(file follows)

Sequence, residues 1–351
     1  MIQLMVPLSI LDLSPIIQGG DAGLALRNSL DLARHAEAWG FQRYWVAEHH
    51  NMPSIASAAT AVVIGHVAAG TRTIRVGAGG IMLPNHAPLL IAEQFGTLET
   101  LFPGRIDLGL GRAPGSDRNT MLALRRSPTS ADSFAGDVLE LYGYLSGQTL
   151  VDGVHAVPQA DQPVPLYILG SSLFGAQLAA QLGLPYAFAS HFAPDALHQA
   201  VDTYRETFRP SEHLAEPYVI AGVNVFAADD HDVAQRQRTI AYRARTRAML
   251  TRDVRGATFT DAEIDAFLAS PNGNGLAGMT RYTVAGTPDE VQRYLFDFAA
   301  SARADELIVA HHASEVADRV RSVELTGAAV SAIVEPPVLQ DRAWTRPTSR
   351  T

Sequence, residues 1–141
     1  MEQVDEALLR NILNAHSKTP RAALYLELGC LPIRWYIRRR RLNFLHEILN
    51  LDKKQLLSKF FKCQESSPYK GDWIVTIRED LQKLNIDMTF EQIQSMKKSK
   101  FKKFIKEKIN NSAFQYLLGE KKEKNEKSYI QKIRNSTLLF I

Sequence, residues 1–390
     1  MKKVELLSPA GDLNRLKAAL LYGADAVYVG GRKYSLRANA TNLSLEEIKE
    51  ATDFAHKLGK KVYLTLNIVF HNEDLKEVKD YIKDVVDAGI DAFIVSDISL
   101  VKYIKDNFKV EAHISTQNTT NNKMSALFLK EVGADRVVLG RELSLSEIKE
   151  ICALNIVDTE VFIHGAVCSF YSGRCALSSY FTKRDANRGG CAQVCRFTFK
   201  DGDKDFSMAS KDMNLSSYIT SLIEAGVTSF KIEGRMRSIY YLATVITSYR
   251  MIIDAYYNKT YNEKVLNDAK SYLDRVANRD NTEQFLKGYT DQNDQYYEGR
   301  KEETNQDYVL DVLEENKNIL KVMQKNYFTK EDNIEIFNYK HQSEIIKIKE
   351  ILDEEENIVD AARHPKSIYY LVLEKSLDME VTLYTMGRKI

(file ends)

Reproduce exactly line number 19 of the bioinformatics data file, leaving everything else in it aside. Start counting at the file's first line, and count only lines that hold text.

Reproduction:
   201  DGDKDFSMAS KDMNLSSYIT SLIEAGVTSF KIEGRMRSIY YLATVITSYR